When The Rubber Breaks

Be careful when training with elastic exercise bands.  Here’s a case report from  http://www.hindawi.com/journals/criopm/2013/189837/ regarding an injury sustained during a CrossFit training session:

This patient had a traumatic giant retinal dialysis and retinal detachment as a consequence of elastic resistance band breakage during CrossFit training. To our knowledge, this type of injury has not been reported. Elastic bands are being used increasingly as an exercise accessory to provide resistance, not only in CrossFit, but also in other popular exercise programs, such as P90X. Some elastic bands consist of latex strips of variable lengths and resistance while others are elastic tubes with soft grip handles on the ends (Figure 1). With repeated use, elastic bands can weaken and eventually break. When it is under tension, a broken elastic band can snap into the eye causing injuries such as hyphema, cataract, or retinal detachment. Dialyses and giant retinal tears are responsible for 69 percent of traumatic retinal detachments.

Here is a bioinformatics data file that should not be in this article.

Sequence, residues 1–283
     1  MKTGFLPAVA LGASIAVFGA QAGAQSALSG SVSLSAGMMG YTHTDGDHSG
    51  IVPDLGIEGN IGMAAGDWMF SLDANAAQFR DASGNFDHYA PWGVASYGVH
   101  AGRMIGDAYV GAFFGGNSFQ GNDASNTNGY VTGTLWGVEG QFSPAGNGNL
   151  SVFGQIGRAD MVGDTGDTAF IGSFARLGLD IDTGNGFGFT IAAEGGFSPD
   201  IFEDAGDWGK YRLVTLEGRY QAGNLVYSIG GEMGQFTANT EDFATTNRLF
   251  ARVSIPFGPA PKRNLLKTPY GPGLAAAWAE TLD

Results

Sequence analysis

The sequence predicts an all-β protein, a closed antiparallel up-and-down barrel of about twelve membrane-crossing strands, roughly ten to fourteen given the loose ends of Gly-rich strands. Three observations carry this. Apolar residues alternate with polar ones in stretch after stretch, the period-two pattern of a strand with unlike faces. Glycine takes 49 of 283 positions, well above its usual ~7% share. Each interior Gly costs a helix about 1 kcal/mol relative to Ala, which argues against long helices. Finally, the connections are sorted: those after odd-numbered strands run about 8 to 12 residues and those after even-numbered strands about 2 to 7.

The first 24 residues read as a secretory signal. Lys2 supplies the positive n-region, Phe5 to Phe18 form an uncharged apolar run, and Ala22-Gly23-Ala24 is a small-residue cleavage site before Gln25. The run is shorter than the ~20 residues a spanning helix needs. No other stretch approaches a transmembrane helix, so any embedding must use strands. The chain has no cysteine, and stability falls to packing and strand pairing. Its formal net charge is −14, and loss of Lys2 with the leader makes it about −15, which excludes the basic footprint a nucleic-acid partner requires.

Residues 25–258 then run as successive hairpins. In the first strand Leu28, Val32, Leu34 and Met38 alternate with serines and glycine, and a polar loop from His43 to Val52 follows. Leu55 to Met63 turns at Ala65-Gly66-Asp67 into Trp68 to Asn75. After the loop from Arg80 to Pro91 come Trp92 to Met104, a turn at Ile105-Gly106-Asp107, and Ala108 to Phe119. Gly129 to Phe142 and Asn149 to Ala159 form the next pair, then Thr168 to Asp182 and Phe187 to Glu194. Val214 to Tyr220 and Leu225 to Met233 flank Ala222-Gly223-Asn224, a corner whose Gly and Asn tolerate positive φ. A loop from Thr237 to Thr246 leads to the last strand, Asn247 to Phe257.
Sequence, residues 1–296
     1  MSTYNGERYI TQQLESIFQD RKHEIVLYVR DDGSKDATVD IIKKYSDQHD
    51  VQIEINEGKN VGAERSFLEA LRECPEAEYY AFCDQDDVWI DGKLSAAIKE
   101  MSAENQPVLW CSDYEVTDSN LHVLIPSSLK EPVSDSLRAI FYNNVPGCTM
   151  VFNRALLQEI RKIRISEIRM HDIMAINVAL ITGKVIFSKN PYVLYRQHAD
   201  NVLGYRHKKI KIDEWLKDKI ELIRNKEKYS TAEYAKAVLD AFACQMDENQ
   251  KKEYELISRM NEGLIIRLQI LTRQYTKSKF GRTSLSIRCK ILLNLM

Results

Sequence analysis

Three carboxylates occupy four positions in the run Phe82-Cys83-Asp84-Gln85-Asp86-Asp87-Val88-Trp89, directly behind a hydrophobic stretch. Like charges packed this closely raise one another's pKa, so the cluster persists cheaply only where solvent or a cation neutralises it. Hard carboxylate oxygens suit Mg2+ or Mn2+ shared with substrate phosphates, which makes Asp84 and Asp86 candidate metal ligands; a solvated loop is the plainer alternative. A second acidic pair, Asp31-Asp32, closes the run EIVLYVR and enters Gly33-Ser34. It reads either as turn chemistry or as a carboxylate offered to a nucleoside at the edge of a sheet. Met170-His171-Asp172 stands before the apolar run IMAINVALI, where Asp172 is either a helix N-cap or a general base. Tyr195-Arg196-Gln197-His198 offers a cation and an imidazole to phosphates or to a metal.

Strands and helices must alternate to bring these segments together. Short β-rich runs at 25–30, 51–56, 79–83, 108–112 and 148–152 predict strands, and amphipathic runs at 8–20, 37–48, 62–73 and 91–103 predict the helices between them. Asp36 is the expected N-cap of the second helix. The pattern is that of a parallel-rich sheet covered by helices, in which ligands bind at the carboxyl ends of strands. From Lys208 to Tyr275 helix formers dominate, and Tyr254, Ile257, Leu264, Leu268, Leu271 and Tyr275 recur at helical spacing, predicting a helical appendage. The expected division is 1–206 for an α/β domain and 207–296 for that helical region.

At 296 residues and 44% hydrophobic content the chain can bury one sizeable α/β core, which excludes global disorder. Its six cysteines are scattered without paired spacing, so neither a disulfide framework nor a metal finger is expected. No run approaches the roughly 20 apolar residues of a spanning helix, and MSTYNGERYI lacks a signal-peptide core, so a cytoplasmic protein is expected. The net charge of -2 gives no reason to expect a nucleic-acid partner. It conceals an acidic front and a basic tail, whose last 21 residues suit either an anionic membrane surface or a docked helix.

Elastic bungee cords have been reported to cause a variety of ocular injuries. Elastic resistance bands might appear to be safer since they do not have metallic hooks on their ends as bungee cords do, although some have soft handles. Nevertheless, an elastic band, under high tension, can snap causing a high velocity missile impact with the eye, causing similar injuries to a bungee cord. Exercise participants and trainers should be aware of the potential for this type of injury. Precautions include the use of protective eyewear and regular replacement of worn elastic bands. Examining bands before and after use, looking for nicks, punctures, or tears, and discarding worn bands may prevent these injuries.